The author has previously insisted that things outside his personal scope – the United Kingdom between 1984 and 1985 – are, somehow, invalid when they’ve been brought up (for a very recent example, see the comment quoted above regarding Electric Cafe being “created in 1988, which was 3-4 years after [he] gave up on the C64” quoted above) so a German-language magazine which wasn’t made available here during that time period is indeed irrelevant by the author’s own “logic”.

Your correspondent’s reference to 64’er was whilst talking about musician Chris Huelsbeck and it was, unlike when the author brought it up, relevant to the topic being discussed so the author’s accusation of hypocrisy is of course false.

What actually happened during 1985-1988 was that the Amstrad CPC joined the Spectrum and C64 as a widely supported format, the Amiga and Atari ST were released, had different models and got cheaper then more popular, Amstrad released a cheap PC clone, then other PC manufacturers followed suit, the Sinclair QL and the Enterprise flopped, and MSX was discontinued in the English speaking World where MSX2 was never released.

This is more a description of the situation within the United Kingdom than it is the “English speaking World” dear reader, because what was “widely supported” varied quite significantly from territory to territory; America was a larger chunk of the English-speaking home computer market than the UK at the time for example, and the Spectrum and Amstrad CPC weren’t supported there.

A platform gets that level of support does so because it’s popular and by that your correspondent doesn’t merely mean that there are a lot of installed systems, there has to be a demand from users for that support too so the author’s basically saying that there were a huge amount of satisfied Commodore customers.

Apart from the above, the Amiga and Atari ST computers used the 68000 CPU, and there were articles in the general, non format based, computer press about how amazing 68000 Assembly Language was, with lots of additional instructions that made it easier to program in than 6502 or Z80 Assembly Language, so that was yet another reason not to bother with the Commodore 64.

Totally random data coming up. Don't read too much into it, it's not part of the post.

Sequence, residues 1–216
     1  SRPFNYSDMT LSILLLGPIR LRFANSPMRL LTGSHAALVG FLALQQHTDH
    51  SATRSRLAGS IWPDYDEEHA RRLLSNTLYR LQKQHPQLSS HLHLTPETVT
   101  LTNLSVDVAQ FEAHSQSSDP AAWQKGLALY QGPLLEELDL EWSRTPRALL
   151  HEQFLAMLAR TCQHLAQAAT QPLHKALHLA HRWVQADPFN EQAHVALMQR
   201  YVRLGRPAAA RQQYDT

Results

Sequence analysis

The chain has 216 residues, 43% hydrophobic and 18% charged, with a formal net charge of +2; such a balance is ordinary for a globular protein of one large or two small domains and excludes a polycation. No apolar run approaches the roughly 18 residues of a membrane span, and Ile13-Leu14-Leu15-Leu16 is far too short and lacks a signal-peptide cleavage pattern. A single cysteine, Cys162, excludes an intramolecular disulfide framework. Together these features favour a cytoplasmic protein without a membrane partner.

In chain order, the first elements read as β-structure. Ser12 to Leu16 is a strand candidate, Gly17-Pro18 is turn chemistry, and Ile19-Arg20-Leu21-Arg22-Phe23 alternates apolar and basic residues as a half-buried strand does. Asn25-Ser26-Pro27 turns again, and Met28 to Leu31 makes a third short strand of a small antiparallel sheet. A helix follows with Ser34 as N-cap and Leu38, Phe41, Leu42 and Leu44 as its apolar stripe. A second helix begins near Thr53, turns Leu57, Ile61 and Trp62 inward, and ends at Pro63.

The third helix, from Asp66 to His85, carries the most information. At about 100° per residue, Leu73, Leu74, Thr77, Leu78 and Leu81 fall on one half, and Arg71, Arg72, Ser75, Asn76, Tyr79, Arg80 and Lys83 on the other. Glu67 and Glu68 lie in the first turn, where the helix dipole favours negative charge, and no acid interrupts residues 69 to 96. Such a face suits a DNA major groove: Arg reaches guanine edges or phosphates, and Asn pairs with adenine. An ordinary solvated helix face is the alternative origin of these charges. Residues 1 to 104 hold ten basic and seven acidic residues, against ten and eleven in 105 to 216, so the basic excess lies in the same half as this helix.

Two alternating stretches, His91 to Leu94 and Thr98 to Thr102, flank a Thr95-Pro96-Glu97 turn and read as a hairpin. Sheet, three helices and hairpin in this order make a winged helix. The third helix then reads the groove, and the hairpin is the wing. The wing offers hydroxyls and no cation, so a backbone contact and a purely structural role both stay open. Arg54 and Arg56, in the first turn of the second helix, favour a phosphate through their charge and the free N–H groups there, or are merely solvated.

Again, this isn’t something specific to the C64 despite the author’s  childlike attempts to portray it as such; computers have a built in obsolescence regardless of brand, generation or the author’s biased personal opinions so being surprised that the next generation of hardware might be more powerful is akin to expressing shock as the Pope defectes in a woodland area. And a computer is far more than just its processor dear reader, so whilst the 68000 might be easier it doesn’t automatically follow that programming a computer build around it such as the Macintosh, Atari ST or Amiga is easier as well.

We know with hindsight that the bright future of the 68000 gave way to the Intel 80×86[1] now, so anybody putting their eggs in that particular basket was going to be spending time relearning somewhere down the line and might as well have spent it with an 8-bit system because the sensible approach has always been to simply get on with the business of learning the important, transferrable lessons of programming before moving on when the next generation of systems is properly established.

[1] Your correspondent did try to pick up 80×86 assembly language at some point during the early 1990s when the writing about 68000-based systems was pretty much on the wall, but found the memory segmentation alone to be hideously overcomplicated.